I've nothing wrong with the eval function, but I'm of the opinion that eval should be used for code that might be generated on the fly (most likely from user input), thus implying the dynamic nature of the perl language. Using eval to evaluate code that is already hard written into the code, on the other hand, seems to be a way to get around compiler/strict or other issues. Certainly there are cases where using eval on hard-coded code is necessary to achieve certain results (for example, if you have a function from a module that would die on failure, but you want to catch this), but otherwise, it reminds me of when I saw C or C++ code that was wrapped in pragmas in order to disable certain compiler features to get their badly written code working properly.
IMO, and I think it will be easier in perl 6, I'd much rather move to an OO-based Exception model as Java has, as it forces you to deal with errors, instead of allowing them to slip. This way, you can deal with errors that might be generated from one part of the code differently than errors from other parts. It does require you to think about these errors from the start, but it ends up improving your overall error-catching of the final program.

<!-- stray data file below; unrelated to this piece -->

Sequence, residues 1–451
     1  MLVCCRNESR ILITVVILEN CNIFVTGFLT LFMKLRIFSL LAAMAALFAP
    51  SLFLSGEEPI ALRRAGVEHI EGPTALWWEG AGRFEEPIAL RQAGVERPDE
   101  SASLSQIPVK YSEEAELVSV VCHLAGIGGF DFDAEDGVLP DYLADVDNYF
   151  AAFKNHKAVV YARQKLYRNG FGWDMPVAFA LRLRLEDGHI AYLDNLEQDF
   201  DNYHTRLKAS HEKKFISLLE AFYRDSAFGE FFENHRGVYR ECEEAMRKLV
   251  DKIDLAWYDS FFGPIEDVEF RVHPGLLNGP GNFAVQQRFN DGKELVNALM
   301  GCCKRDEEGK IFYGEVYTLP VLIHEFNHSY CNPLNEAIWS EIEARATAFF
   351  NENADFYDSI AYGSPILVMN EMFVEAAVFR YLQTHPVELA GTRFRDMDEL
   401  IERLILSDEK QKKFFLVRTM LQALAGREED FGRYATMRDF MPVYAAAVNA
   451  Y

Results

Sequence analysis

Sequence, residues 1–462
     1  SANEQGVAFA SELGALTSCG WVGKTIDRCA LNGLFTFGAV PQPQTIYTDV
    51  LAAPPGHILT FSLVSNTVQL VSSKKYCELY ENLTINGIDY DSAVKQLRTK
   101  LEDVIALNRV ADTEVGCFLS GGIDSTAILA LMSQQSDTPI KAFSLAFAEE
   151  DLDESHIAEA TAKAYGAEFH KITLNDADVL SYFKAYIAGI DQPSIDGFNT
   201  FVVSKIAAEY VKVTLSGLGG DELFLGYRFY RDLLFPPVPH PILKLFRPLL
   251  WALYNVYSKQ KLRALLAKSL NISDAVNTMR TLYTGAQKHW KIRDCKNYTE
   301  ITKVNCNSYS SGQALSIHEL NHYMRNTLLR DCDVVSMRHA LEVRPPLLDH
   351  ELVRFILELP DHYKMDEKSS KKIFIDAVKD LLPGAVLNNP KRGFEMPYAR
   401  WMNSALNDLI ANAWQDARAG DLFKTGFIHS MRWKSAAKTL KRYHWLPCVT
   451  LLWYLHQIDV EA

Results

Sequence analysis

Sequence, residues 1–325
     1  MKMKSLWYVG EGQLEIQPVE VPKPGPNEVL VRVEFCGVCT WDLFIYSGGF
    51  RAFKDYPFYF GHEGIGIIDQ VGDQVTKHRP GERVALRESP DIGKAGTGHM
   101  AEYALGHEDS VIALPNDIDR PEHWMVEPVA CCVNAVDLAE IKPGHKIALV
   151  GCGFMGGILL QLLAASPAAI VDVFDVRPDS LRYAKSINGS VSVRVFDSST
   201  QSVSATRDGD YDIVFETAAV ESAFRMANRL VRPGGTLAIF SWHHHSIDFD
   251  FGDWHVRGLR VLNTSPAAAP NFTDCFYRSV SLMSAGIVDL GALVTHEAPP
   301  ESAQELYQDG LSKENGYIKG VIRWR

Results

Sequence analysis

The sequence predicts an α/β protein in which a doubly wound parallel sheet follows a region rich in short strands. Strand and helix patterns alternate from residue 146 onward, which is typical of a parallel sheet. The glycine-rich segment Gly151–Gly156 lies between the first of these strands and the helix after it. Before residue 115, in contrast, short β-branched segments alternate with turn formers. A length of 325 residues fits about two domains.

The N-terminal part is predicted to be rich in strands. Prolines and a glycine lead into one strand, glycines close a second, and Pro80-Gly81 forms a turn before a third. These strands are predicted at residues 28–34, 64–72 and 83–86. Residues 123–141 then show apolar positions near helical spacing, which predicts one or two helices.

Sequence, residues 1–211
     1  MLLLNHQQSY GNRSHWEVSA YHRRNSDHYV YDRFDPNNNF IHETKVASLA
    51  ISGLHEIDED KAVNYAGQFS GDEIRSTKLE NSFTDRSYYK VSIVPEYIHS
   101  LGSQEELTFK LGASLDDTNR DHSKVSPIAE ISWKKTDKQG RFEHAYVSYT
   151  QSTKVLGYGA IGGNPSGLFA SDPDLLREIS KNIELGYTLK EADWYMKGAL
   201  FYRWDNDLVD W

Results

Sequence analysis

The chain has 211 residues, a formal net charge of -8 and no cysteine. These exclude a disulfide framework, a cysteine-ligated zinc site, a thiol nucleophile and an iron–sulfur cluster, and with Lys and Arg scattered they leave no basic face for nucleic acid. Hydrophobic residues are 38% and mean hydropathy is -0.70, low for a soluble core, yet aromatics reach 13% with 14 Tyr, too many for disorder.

Dr. Michael K. Neylon - email@example.com
"You've left the lens cap of your mind on again, Pinky" - The Brain
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eval BLOCK and eval STRING have as much in common as select FILEHANDLE has with the four-argument version, in my opinion. Since the block contents are known at compile time, they're compiled. Since string contents can't be known at compile time, they must be compiled at run time.
I do agree that using eval to catch death from the Fatal module is particularly ugly.